On Thursday (Aug 20) local media reported, that Hong Kong publishers have been told to remove “sensitive” content from secondary school textbooks, in the latest move to tighten the city’s academic freedoms after the passage of a new security law. This being the latest step in a quickening campaign to eliminate dissent in the city, which was rocked by months of sometimes violent protests demanding reform and police accountability.
Hong Kong’s Beijing-appointed government described the edits as required “with a view to sieving out the inaccurate parts from the past”. Education has been a key target of Beijing’s ire, with pro-establishment politicians lashing out at a perceived fifth column within the city’s schools that they say offers succor to protesters. Liberal studies, a secondary school class that teaches critical thinking is strongly disliked by China and pro-Beijing politicians in Hong Kong who have called for more openly patriotic education.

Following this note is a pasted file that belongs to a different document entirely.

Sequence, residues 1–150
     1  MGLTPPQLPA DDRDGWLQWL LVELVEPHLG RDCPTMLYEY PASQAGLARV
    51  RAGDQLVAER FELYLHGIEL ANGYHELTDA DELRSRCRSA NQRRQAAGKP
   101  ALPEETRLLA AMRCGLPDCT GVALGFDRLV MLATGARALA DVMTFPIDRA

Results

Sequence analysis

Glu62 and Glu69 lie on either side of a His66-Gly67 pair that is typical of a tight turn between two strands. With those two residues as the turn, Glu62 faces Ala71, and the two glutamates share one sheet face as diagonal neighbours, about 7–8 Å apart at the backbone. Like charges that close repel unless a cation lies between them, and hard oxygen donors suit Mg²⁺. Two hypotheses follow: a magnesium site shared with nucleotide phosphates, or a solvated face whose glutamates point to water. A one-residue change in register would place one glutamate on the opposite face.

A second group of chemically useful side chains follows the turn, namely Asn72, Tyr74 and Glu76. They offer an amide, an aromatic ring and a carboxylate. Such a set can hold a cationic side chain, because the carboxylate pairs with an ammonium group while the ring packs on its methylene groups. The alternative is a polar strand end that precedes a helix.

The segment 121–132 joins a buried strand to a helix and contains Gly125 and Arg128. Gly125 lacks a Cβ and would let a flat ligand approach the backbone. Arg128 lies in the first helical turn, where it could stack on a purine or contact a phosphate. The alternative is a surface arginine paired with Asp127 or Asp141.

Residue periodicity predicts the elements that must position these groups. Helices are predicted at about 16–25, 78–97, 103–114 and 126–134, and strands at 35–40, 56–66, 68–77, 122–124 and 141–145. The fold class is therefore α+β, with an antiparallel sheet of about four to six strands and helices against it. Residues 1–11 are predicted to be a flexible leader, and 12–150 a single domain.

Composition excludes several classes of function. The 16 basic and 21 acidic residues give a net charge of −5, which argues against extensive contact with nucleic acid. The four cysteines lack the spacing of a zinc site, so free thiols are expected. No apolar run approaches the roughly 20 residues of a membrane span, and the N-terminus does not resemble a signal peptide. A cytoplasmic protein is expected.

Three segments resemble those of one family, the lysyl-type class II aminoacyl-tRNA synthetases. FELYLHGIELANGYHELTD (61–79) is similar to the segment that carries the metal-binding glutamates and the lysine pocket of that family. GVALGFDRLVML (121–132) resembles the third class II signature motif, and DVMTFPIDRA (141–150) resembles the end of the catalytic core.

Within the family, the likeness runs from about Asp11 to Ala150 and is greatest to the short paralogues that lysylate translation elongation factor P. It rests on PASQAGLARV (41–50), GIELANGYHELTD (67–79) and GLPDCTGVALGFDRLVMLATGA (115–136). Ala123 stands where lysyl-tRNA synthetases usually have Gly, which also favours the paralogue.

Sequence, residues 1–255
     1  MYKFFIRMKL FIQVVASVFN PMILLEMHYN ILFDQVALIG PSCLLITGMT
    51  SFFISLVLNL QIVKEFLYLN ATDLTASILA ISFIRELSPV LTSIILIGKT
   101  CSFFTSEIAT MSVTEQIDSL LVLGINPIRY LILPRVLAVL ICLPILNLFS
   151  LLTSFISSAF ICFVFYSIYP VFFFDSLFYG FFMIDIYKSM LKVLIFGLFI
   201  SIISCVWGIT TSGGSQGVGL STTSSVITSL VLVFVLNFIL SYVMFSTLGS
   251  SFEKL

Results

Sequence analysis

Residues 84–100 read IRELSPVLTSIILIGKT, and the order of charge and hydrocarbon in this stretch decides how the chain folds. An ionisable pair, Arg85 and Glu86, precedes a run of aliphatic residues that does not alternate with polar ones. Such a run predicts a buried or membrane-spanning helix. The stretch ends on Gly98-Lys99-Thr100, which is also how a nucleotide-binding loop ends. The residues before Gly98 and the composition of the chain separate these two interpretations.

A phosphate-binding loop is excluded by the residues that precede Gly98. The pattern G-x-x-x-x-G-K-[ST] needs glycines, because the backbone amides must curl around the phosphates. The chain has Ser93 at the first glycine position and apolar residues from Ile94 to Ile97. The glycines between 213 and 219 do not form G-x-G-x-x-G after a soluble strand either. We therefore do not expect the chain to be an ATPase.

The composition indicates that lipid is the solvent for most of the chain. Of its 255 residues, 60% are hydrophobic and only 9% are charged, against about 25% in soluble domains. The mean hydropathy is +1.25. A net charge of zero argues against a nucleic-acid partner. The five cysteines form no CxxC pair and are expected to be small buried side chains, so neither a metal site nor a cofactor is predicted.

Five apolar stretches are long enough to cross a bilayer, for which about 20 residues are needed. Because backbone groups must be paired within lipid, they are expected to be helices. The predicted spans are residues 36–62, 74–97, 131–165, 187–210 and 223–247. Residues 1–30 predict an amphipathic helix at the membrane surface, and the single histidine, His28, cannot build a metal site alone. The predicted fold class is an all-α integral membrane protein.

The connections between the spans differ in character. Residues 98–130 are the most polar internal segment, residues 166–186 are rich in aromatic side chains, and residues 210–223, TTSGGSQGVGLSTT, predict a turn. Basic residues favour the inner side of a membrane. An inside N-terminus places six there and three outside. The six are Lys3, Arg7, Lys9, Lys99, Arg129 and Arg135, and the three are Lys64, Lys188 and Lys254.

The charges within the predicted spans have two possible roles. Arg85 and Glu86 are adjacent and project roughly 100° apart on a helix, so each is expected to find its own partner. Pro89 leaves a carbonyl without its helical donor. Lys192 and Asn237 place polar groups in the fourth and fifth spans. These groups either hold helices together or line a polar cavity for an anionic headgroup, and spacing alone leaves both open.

Hong Kong Professional Teachers’ Union (HKPTU) said the city’s Education Bureau, whose consultancy service demanded the changes, was guilty of political censorship. “It waters down or even distorts reality in society,” HKPTU said, calling for authorities to guarantee academic freedom in the territory. The law, whose contents were kept secret from Hong Kong residents until it was imposed on them by Beijing, has already prompted schools and libraries to pull some books.
Hong Kong’s government referred to the edits as an aid to help students “develop positive values”. It denied any political censorship.